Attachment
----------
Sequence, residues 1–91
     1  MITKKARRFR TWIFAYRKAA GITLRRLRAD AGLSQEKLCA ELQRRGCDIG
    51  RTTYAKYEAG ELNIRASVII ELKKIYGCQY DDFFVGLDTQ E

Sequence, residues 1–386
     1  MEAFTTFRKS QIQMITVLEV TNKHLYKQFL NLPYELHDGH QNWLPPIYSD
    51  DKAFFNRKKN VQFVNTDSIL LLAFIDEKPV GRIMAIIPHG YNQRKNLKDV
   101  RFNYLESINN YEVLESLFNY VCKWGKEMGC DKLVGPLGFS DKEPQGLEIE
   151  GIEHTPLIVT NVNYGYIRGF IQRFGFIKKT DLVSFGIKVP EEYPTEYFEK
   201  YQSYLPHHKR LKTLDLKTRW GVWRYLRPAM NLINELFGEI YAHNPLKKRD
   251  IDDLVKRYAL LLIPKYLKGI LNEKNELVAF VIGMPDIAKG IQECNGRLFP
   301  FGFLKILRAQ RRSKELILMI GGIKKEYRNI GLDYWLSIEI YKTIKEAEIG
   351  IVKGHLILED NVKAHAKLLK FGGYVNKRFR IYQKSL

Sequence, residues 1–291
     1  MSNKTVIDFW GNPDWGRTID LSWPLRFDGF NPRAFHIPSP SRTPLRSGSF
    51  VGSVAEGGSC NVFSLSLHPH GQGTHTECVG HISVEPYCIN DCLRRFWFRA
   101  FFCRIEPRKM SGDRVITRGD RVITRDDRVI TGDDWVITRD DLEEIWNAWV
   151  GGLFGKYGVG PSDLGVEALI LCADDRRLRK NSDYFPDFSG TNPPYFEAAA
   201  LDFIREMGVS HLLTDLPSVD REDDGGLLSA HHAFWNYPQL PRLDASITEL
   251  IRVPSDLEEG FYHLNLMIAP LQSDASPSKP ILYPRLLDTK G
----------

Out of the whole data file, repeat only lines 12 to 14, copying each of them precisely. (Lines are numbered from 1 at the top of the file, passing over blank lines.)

   351  IVKGHLILED NVKAHAKLLK FGGYVNKRFR IYQKSL

Sequence, residues 1–291
     1  MSNKTVIDFW GNPDWGRTID LSWPLRFDGF NPRAFHIPSP SRTPLRSGSF